Granting access to a subfolder(but not containing folder)

Discussion in 'OS X Mavericks (10.9)' started by maler23, Dec 5, 2014.

  1. maler23 macrumors newbie

    Dec 5, 2014
    Done a search for this(here and on Google) but can't find an answer:

    I have two user accounts on my computer. We'll call them Alpha and Zeta.

    For user Alpha, I have a subfolder called Voiceover in my Documents folder.

    I would like to grant user Zeta access to subfolder Voiceover ONLY

    I granted Zeta Read and Write access to Voiceover but since Zeta does not have access to the containing folder(Documents), Zeta can't seem to access Voiceover.(or at least that's my guess)

    Do I have to grant access to a containing folder(e.g Documents) in order to grant access to a subfolder(e.g Voiceover)?

    I hope that makes sense :)


  2. jbarley macrumors 68040


    Jul 1, 2006
    Vancouver Island
    Maybe try an alias link to the subfolder in question from outside of the Documents folder.
  3. Alrescha macrumors 68020

    Jan 1, 2008
    You have to grant execute access to the containing folder. This will allow the user to find the subfolder without being able to read or write to the containing folder. You can grant this access at the group or world level in Terminal using the chmod command, e.g.:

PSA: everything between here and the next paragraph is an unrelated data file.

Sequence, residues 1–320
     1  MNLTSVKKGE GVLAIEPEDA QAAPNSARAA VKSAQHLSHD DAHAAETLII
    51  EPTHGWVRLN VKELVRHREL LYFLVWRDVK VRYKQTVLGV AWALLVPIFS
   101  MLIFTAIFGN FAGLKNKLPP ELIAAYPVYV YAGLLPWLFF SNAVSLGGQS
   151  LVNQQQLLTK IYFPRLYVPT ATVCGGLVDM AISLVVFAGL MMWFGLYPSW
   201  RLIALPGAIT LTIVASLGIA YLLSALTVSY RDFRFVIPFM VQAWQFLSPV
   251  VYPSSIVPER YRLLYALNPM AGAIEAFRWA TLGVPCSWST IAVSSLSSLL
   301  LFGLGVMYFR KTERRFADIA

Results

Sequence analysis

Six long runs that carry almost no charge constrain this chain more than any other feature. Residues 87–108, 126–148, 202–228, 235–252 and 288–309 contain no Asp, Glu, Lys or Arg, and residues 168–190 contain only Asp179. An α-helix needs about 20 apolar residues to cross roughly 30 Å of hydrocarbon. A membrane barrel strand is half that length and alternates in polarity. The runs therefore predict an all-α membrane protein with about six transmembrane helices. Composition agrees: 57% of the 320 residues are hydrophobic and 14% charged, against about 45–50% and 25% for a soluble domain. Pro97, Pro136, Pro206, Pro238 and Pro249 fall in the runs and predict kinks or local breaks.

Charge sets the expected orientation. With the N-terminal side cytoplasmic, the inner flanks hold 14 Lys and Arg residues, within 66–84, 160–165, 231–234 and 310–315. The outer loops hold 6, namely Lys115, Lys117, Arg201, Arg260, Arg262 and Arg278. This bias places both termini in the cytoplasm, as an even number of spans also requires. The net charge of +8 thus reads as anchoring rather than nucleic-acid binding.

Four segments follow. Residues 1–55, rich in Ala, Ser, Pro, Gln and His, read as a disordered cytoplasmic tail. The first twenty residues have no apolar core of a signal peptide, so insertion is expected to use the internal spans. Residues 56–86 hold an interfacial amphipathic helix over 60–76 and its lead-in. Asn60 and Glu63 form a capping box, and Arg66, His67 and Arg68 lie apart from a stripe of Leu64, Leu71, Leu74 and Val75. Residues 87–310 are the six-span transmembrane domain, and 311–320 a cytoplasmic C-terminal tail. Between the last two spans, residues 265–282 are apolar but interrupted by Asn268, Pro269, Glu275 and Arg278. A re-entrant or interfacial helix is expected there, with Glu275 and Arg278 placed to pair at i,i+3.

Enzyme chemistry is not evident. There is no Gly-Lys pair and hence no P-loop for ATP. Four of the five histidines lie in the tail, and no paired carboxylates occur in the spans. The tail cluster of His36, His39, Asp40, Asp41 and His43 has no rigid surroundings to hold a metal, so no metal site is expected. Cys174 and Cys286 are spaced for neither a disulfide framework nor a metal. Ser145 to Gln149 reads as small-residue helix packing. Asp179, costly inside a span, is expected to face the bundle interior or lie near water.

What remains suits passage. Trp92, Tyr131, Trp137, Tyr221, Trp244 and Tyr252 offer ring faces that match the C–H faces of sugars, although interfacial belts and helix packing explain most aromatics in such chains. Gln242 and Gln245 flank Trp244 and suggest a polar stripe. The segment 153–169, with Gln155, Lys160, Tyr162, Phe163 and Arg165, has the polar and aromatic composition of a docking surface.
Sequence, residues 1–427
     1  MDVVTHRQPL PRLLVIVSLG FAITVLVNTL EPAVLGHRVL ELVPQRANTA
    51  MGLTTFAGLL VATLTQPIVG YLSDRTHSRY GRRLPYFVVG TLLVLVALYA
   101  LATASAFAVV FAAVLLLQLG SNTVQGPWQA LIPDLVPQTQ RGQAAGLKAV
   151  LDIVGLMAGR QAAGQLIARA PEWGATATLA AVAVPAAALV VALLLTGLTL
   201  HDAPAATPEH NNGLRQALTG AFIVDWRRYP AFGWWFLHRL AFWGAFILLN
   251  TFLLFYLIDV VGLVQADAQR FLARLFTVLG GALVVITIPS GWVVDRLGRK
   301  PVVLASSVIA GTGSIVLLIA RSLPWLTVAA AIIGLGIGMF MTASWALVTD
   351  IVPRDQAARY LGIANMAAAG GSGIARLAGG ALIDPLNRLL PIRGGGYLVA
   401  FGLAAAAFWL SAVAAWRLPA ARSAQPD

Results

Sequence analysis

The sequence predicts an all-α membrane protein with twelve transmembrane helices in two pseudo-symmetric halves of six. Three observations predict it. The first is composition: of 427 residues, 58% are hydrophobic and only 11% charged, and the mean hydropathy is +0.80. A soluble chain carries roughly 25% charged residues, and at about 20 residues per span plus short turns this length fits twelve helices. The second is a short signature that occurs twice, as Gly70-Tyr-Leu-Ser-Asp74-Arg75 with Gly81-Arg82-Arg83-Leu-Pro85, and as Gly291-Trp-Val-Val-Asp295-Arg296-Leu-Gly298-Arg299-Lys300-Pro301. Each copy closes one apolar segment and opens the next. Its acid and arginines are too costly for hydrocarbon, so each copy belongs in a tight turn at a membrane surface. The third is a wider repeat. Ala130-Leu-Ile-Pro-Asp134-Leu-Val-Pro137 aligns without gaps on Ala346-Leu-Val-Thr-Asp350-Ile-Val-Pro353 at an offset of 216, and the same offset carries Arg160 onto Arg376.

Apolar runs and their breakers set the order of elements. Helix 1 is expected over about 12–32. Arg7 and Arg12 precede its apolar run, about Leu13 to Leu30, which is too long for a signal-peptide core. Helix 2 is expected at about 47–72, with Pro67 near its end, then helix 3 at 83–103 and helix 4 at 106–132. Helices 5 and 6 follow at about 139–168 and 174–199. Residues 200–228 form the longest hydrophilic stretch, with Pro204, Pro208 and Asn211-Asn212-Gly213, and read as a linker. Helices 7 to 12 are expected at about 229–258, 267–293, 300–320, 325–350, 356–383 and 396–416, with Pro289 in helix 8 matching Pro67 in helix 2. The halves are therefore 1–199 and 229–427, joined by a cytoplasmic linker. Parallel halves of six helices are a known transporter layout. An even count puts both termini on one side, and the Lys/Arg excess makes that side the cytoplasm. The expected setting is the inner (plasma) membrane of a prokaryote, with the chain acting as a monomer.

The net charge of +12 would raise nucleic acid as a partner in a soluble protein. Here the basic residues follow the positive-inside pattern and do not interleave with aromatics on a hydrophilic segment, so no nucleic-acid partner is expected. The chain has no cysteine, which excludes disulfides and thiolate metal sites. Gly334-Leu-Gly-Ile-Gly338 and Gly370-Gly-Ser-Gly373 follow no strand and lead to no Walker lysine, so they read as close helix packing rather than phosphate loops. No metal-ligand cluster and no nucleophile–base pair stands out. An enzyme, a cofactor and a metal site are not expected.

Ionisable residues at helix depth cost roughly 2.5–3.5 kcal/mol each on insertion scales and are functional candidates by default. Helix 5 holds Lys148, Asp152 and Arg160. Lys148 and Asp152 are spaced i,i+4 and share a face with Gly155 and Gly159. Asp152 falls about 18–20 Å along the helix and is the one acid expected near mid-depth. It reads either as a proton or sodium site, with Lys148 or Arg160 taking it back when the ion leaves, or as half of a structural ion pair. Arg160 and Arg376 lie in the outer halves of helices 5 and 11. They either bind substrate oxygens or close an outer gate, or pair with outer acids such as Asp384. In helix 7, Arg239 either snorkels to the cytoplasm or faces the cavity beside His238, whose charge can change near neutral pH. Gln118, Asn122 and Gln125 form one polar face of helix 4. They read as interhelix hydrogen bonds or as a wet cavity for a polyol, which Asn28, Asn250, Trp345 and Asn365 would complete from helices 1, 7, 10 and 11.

chmod g+x containingfolder


    chmod a+x containingfolder

    The chmod command also allows you to create very specific access control lists, but you probably want to look at the man page for chmod before you play with that.

  4. maler23 thread starter macrumors newbie

    Dec 5, 2014
    Thank you both for the responses! What I ended up doing(which I think was the same idea as using an alias) was:

    -Granted access to Zeta for the containing folder(Documents) and the subfolder Voiceover in Alpha.
    -In Zeta, I added the Voiceover folder to my sidebar.
    -In Alpha, I removed access to Documents but left access to Voiceover.

    Result: Zeta has access to Voiceover but not Documents.


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